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2009 Annual Report
II. Financial Highlights
Deposit Insurance Fund Performance
The DIF's comprehensive loss totaled $38.1 billion for 2009 compared to a comprehensive loss of $35.1 billion for the previous year. As a result, the DIF balance declined from $17.3 billion to negative $20.9 billion as of December 31, 2009. The year-over-year increase of $3.0 billion in comprehensive loss was primarily due to a $15.9 billion increase in the provision for insurance losses, a $4.0 billion increase in the unrealized loss on U.S. Treasury (UST) investments, and a $1.4 billion decrease in the interest earned on UST obligations, partially offset by a $14.8 billion increase in assessment revenue and a $3.1 billion increase in other revenue (primarily from guarantee termination fees and debt guarantee surcharges).
The provision for insurance losses was $57.7 billion in 2009. The total provision consists primarily of the provision for future failures ($20.0 billion) and the losses estimated at failure for the 140 resolutions occurring during 2009 ($35.6 billion).
Assessment revenue was $17.7 billion for 2009. This is a $14.8 billion increase from 2008, and is due to the collection of a $5.5 billion special assessment in September 2009 and significantly higher regular assessment revenue. Major factors contributing to the increase in regular assessment revenue included changes to the risk-based assessment regulations, ratings downgrades of many institutions (which pushed them into higher assessment rate categories), the decline of the one-time assessment credit, and a larger assessment base.
Although the DIF ended the year with a negative $20.9 billion fund balance, the DIF's liquidity was significantly enhanced by prepaid assessment inflows of $45.7 billion. Cash and marketable securities stood at $66.0 billion at year-end, including $6.4 billion in cash and marketable securities related to the Temporary Liquidity Guarantee Program (TLGP). Hence, the DIF is well positioned to fund resolution activity in 2010 and beyond. The prepaid assessments, while increasing DIF cash upon receipt, did not initially affect the fund balance, since the funds collected were initially recorded as an offsetting liability; they are subsequently recognized quarterly as revenue when earned.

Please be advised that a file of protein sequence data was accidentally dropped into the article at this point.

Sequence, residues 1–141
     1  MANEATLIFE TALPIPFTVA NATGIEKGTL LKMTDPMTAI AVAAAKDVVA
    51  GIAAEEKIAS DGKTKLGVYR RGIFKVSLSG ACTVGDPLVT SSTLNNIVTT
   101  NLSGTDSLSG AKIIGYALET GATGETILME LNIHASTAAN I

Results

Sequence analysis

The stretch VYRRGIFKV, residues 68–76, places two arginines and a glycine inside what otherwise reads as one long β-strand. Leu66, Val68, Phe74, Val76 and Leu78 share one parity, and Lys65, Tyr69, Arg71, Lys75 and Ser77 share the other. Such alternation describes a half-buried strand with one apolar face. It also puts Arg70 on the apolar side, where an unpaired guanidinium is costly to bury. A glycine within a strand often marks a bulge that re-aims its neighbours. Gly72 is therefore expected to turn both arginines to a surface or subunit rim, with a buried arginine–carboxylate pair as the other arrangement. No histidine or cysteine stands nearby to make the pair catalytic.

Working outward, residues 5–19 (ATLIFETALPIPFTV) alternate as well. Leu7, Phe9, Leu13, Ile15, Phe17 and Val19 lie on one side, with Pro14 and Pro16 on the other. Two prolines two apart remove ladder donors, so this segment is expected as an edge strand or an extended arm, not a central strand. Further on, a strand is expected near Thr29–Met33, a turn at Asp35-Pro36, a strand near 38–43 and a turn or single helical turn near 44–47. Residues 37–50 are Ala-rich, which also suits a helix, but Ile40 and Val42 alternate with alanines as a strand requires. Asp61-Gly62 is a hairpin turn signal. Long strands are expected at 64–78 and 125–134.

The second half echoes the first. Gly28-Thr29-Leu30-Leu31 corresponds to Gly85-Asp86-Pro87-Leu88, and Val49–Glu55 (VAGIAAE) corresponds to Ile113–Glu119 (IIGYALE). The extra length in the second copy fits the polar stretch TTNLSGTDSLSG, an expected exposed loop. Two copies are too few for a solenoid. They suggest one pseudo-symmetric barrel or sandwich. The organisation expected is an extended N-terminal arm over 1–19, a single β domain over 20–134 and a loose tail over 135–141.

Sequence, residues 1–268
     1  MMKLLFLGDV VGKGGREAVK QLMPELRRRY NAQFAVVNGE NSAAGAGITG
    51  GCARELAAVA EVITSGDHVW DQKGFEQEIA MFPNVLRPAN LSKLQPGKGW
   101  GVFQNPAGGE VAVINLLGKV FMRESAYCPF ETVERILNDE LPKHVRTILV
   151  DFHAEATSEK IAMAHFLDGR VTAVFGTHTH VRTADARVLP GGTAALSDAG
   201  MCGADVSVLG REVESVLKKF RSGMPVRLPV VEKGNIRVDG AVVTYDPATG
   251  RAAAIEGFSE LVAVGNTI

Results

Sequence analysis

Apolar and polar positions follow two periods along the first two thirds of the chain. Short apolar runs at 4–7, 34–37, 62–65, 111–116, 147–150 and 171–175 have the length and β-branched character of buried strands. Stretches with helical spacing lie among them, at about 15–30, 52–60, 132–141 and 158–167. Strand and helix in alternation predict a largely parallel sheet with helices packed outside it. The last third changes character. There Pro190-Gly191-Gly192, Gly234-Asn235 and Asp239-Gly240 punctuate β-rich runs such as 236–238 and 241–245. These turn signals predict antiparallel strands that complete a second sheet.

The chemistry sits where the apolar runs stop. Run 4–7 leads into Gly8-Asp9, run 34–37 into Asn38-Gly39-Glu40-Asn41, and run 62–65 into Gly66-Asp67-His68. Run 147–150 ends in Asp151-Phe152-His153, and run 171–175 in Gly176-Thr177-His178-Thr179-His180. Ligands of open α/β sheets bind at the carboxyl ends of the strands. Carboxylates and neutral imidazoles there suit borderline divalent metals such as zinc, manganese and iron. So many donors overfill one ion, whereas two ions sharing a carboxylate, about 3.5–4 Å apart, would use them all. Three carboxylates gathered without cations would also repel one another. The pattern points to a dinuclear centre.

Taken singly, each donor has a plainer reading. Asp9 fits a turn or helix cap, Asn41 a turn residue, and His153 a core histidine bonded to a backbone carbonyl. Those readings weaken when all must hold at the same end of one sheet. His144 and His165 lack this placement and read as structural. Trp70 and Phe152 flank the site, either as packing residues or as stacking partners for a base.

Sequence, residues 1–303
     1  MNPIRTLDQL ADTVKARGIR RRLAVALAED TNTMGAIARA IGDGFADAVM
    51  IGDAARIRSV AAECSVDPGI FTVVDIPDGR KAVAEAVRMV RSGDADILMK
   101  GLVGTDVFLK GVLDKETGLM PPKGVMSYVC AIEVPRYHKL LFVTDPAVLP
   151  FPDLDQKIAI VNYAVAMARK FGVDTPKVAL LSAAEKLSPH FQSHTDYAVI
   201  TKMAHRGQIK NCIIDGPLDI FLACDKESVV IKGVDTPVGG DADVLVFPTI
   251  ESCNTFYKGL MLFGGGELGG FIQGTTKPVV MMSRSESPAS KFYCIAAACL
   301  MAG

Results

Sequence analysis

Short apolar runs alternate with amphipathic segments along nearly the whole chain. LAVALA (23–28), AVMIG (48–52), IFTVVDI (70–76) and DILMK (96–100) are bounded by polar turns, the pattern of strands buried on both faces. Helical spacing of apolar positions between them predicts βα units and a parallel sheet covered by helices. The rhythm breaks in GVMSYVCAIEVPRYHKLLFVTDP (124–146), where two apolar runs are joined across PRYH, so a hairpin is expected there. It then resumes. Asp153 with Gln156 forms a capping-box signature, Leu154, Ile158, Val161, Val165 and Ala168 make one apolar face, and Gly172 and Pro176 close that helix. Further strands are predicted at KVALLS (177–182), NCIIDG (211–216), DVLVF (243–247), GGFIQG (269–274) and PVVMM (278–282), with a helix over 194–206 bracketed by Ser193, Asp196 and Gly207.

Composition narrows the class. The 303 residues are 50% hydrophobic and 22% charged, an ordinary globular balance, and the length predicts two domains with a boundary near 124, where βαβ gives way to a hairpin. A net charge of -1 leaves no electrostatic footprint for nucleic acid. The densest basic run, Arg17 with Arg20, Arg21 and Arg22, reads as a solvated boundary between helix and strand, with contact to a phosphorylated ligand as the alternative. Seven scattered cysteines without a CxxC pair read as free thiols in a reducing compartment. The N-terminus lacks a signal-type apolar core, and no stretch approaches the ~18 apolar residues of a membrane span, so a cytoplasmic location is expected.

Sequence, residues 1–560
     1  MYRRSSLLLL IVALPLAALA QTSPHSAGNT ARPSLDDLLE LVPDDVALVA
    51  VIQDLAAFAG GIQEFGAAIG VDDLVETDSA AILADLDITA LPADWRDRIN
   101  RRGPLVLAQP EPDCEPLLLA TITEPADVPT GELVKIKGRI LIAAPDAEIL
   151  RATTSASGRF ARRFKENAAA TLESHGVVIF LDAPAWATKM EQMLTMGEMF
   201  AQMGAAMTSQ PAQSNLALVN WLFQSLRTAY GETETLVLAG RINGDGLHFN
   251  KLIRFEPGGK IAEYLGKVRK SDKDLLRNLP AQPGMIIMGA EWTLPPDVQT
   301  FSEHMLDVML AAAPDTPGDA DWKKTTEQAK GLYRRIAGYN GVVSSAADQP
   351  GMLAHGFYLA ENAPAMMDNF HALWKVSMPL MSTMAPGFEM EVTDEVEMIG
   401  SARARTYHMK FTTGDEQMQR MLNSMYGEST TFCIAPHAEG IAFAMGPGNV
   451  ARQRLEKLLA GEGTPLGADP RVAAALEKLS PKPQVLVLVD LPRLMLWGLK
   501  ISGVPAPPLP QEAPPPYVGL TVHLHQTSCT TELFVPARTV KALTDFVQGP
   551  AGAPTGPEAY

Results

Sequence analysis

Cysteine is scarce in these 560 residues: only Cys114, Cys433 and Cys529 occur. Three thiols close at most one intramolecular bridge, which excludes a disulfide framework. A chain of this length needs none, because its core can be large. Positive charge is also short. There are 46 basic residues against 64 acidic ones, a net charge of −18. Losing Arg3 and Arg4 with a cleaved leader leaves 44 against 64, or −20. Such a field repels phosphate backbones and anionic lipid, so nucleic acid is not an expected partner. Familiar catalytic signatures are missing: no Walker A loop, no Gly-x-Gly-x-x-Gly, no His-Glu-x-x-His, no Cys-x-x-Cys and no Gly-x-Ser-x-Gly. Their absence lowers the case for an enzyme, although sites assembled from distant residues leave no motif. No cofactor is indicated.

Corporate Operating Budget
Given the recent challenges facing the industry, as evidenced in the overall CAMELS deterioration and an up-tick in financial institution failure activity, the FDIC is determined to ensure that it is adequately prepared to effectively fulfill its mission in 2010. Consequently, in December 2009, the Board of Directors approved a 2010 Corporate Operating Budget of approximately $3.99 billion, consisting of $1.49 billion for ongoing operations and $2.50 billion for receivership funding. The level of approved ongoing operations budget is approximately $254 million (20.5 percent) higher than actual 2009 ongoing operations expenses, while the approved receivership funding budget is $1.40 billion (127.8 percent) higher than the $1.10 billion of actual 2009 receivership funding expenses.
As in prior years, the 2010 budget was formulated primarily on the basis of an analysis of projected workload for each of the Corporation's three major business lines and its major program support functions. The most significant factor contributing to the proposed increase in the ongoing operations component is the projected increase in the Corporation's supervisory workload in 2010 and the planned staffing increases in the Division of Supervision and Consumer Protection (DSC) to address that workload. The 2010 ongoing operations budget also includes increased funds for additional resolutions staff, travel, office space, and equipment for these additional staff. Under this budget, the Corporation will focus largely on its core mission responsibilities in 2010 and will not devote significant resources to new discretionary activities. In addition, the 2010 receivership funding budget allows for substantially increased resources for contractor support as well as non-permanent increases in authorized staffing for the Division of Resolutions and Receiverships, the Legal Division, and other organizations should workload requirements in these areas require an immediate response.
The Corporation undertook significant capital investments during the 2003–2009 period, the largest of which was the expansion of its Virginia Square office facility. Other projects involved the development and implementation of major IT systems. Investment spending totaled $266 million during this period, peaking at $108 million in 2004. Spending for investment projects in 2009 totaled approximately $6.1 million. In 2010, investment spending is estimated to total $1.1 million.
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